Diary of the Ivory Tower - Official event Facebook page
CAIRO - 8 January 2018: The works of Egyptian artists Aliaa el-Gready and Nazir Tanbouli will be presented in a joint exhibition titled “Yawmiyat al-Burj al-’Agi” (Diary of the Ivory Tower) at the Greek Campus beginning Thursday. The 20-day exhibition is scheduled to end on January 30.
“Diary of the Ivory Tower” is a collection of artworks that explore scenes from daily routines and common situations as well as the artists’ experiences, all in different ways that blur the line between fantasy and reality. The exhibition observes scenes from reality through a fairytale-like screen.
The title of the exhibition makes use of the term “ivory tower” to further emphasize the fantasy shown in the works included in the collection. To exist in an “ivory tower” means to exist in a state of detachment or separation from the world and its practical realities.
Alaa Khaled, an Alexandrian writer, poet, and novelist, has reviewed the collection and provided descriptions of the artists’ work and style. Of Nazir Tanbouli’s work, Khaled discusses the cartoonish and almost childish composition of the canvas, which instills a strong sense of nostalgia in the observer.
In some of the works that are vibrant and full of action, Khaled remarks that Tanbouli’s art seems to record snippets of reality and scenarios rather than the whole picture, allowing for the observer to be immersed in the flurry of the world of the art. At the same time, some of Tanbouli’s artworks are standalone and appear to carry complete messages.
These examples usually draw from familiar scenes, expressing strong emotional connections that inspire human compassion and vulnerability.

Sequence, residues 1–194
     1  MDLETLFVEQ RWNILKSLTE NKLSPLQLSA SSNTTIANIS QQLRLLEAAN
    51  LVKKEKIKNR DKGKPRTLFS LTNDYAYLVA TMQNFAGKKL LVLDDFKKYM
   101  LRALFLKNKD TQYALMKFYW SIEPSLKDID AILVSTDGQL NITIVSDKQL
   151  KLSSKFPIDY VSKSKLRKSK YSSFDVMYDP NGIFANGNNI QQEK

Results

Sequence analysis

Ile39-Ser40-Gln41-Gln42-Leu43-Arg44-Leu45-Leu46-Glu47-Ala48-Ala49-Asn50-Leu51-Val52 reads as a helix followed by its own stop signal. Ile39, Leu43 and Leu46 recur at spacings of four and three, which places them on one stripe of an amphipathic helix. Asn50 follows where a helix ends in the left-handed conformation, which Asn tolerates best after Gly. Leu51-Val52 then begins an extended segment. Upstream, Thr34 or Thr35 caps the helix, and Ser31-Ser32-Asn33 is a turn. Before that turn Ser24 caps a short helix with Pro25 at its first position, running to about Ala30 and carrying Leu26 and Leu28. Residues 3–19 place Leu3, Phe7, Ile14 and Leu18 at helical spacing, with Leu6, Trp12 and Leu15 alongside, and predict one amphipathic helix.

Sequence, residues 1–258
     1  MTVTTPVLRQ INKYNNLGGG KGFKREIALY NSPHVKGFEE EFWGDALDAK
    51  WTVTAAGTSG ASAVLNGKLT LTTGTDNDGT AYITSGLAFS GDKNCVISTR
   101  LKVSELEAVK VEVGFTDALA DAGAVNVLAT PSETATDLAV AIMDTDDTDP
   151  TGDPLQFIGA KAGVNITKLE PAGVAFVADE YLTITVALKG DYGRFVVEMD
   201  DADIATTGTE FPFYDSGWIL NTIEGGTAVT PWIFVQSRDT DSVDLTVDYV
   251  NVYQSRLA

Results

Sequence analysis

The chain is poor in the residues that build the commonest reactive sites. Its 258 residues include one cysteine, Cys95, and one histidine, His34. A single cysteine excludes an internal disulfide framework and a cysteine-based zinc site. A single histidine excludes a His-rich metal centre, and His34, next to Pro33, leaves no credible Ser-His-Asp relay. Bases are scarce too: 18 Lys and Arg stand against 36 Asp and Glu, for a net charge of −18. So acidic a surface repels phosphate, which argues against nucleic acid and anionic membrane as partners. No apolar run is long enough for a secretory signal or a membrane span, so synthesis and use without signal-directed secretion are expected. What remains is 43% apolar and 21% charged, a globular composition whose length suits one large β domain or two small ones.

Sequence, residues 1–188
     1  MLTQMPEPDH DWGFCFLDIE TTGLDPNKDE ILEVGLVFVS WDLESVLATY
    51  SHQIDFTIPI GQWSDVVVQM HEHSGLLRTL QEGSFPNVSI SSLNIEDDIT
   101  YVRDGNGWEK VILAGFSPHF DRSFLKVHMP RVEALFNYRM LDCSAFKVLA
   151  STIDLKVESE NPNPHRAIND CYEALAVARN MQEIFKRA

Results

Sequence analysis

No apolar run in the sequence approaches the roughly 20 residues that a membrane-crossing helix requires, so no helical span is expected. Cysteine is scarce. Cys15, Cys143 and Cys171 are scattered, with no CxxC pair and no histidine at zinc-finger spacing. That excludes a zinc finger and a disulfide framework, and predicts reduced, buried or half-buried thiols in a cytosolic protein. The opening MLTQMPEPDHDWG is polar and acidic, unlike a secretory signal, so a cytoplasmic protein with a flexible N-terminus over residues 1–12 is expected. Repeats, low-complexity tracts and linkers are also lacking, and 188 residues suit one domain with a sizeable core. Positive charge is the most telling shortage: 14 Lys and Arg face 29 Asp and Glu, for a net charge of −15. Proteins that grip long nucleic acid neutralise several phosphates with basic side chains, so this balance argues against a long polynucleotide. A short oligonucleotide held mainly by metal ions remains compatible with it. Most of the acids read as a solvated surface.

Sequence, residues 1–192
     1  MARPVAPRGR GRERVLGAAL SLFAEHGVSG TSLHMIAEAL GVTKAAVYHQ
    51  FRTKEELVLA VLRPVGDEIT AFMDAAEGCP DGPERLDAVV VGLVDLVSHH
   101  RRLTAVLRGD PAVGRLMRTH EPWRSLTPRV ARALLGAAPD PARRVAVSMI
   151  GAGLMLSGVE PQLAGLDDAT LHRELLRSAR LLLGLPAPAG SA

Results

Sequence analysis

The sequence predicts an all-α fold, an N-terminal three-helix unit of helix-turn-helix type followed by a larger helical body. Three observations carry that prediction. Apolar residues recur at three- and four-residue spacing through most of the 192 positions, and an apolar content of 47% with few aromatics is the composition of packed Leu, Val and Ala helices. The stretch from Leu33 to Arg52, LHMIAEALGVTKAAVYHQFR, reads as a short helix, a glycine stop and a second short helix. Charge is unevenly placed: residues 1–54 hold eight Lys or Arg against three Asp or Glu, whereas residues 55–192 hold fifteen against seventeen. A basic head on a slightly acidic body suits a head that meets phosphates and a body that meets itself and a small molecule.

Aliaa el-Gready’s work in this collection is described as being representative of the rich world of the human subconscious. Khaled emphasizes Gready’s use of textiles and different fabrics, as well as sewing materials and techniques, to create multi-media works that tell different stories through the use of the materials themselves. Gready’s works almost seem to illustrate strange maps or manuscripts through the unique stitching technique employed to create them.
Unlike Tanbouli’s work, Gready’s artworks do not feature any recurring heroes or characters, and do not represent snippets of life; rather, each piece seems to bring out a particular symbol that represents a raw human emotion or instinct. She uses the theme of animals and animalistic behavior as a main symbolic tool.
This exhibition is one of countless examples of the surrealism associated with living in Egypt. The concept of an “ivory tower” is often used to describe the experiences of upper class intellectuals and academics that study the world but have no real experience of the realities that surround them.
As seen in “Diary of the Ivory Tower”, the barrier between real and unreal might actually be nonexistent in the social world, and especially in Egypt. Those who are able to see this barrier immediately recognize it for what it is: one of the states of Egyptian existence.